This “think piece” is part of a series of articles I wrote to expand your thinking about strategic HR.
Employee engagement is at or near the top of most surveys that cover the concerns of HR leaders. Almost everyone is enthusiastic about the concept and their program. However, there is far too little focus on the problems or issues related to engagement.
My research and experience with HR leaders has helped me compile a list of the potential issues, problems, and concerns that should be considered by anyone involved in employee engagement. The process of gathering engagement data and the interpretation of it both improve dramatically when program managers and users are fully aware of all of its potential problems. The following article highlights each of these potential issues in bullet point format.
The Top Problems With Employee Engagement Programs
The top potential issues/problems are split into five categories. And within each category, the most impactful problem areas are listed first.
Issues Related to Proving Its Business Impact
- Engagement is not productivity or an output — using an analogy, engagement may be smoke but it is not fire. The primary concern of business leaders is increasing productivity, output, or innovation. Unfortunately, employee engagement, employee satisfaction, emotional intelligence, etc. may contribute to productivity, but they are not productivity. An employee may be fully engaged and emotionally tied to the firm but without the proper training, leaders, resources, etc. no amount of commitment will improve their outputs. Emotional states are hard to understand and measure, while behaviors and productivity are not. A superior approach is one that looks broadly at all of the factors that increase productivity, that lower labor costs, and that increase the value of labor outputs and innovation.
- An unclear definition — if something can’t be clearly defined, then it can’t be accurately measured. And there are literally dozens of contradictory definitions of “employee engagement.” And because of these contradictory definitions (and measures), it is hard to accurately compare the results from external statistical comparison studies. The Conference Board defines employee engagement as “a heightened emotional connection that an employee feels for his or her organization, that influences him or her to exert greater discretionary effort to his or her work.” Using this definition, the results of high engagement are “stronger emotional feelings” and” increased effort.” Although these two factors may be important, other factors like a bad manager, the wrong skills, and improper training may neutralize any benefit from engagement. Some engagement surveys include multiple factors (i.e. satisfaction, performance, sentiment, trust, morale, happiness, burnout, commitment) but many of these may be overlapping or duplications of the same factor.
- Engagement may be a byproduct, not a cause –– literally every engagement study I have seen that attempts to connect engagement with productivity, retention, customer satisfaction, being a top performer, etc. makes the connection using statistical correlations. Other correlational studies have shown that firms with high engagement scores can have higher revenue per employee, high company growth rates, and earning higher shareholder returns. But don’t jump to any unwarranted conclusions. Fortunately, any business analysts, statistician, or CFO can tell you that correlations can never prove cause and effect. Providing correlations as proof of cause and effect is a stretch of both mathematics and logic. Another alternative explanation for the apparent connection between engagement and productivity is that when employees are productive, well rewarded, recognized, well-managed, and when they produce a great product, then it is those workplace factors that eventually increase their engagement. The improvement of workplace factors can also explain the few cases where rising engagement scores actually preceded a later improvement in business results. If an organization changes the way it managed (i.e. increased overtime, eliminated pay and hiring freezes, moved in better managers, opened communications and offered more training) and employees see new products in the pipeline, this better treatment, improved management, and the resulting optimism would increase employee engagement and eventually company performance. But it would be a mistake to assume that, even though the increase in engagement preceded the improvement in company performance, that the engagement caused the improvement in company performance. Engagement may be a byproduct of other more impactful people-management factors. In many cases, it is not the engagement that is driving the productivity but vice versa.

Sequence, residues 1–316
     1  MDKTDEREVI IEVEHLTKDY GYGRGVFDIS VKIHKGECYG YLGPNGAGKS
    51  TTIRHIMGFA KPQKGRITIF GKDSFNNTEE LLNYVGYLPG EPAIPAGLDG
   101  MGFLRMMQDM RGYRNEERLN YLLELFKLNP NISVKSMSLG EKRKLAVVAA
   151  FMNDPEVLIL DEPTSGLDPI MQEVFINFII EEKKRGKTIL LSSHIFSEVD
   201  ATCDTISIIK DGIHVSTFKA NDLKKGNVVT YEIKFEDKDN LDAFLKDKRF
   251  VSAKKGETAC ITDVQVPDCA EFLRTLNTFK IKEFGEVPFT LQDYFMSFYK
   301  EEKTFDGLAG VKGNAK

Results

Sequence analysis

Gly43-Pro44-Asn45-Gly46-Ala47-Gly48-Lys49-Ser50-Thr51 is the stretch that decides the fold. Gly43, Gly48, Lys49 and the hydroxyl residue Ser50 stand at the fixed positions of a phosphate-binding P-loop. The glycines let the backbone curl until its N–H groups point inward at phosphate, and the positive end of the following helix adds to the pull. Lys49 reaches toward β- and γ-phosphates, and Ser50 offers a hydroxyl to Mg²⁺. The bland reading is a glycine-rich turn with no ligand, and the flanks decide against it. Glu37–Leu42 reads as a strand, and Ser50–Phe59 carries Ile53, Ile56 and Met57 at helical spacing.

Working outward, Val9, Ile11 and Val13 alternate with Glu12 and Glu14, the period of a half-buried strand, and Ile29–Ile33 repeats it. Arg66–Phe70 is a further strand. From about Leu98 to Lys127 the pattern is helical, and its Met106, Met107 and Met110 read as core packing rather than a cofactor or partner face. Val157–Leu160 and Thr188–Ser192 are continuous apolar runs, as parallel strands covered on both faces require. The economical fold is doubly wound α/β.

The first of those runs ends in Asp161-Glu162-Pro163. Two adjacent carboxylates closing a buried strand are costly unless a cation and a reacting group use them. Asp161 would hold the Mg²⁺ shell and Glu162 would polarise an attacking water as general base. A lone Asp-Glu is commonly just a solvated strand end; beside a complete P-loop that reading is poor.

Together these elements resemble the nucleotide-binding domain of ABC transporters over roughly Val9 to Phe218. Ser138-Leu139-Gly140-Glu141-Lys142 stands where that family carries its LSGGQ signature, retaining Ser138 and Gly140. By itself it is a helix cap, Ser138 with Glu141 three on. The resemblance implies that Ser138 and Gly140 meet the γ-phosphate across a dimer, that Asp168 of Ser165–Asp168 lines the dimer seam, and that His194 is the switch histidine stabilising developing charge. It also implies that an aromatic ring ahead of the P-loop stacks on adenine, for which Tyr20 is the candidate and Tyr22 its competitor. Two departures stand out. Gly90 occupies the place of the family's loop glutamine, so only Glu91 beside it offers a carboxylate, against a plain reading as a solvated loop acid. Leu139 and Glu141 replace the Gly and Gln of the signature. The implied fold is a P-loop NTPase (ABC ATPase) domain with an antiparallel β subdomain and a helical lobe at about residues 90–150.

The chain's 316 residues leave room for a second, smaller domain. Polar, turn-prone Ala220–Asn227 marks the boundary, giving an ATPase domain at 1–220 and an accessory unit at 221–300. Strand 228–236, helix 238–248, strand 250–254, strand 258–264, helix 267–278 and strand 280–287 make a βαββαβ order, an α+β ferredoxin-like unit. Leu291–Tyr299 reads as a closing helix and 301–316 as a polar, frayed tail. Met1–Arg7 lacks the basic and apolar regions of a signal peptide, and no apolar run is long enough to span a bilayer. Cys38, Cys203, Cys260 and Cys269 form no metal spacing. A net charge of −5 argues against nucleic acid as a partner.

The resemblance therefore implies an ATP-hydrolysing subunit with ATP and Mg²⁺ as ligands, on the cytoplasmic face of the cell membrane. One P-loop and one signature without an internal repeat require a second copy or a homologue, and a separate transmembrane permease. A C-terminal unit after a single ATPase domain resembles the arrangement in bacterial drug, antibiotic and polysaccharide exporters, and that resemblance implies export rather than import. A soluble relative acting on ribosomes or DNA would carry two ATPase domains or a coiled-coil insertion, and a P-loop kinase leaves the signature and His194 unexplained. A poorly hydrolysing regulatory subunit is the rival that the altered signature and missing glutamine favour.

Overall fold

- The ROI may be low — the cost of employee surveys themselves are high, because in addition to the survey costs, each employee must spend paid time filling them out. The time spent analyzing, interpreting, and presenting the results can also be significant. This coupled with the fact that any “action” to improve engagement must be implemented company-wide makes it a significant possibility that the costs outweigh the benefits. None of the existing efforts to prove its value include employee time in their cost calculations, and no one has published a “split sample” to prove the dollar value of the before-and-after benefits in a corporation. Consider the possibility that the time and money spent could have a greater impact if it were focused directly (rather than indirectly) on productivity and innovation.
- Outside factors may influence engagement — we know from morale and employee satisfaction surveys that many factors outside of the workplace influence these ratings. The unemployment rate, the cost of living, the mortgage crisis, and family crises are but a few of the many factors that influence an employee’s relative feelings toward their company. For example, in times of dramatically high unemployment, employees may “feel” a closer emotional tie to the firm simply because they are happy that the firm has provided them with a job. In some cases, external attacks or bad press for the company may actually cause employees to “circle the wagons” and to increase their loyalty and engagement. Certainly no one in HR can take direct credit if one or more external factors are the reason why the scores improved.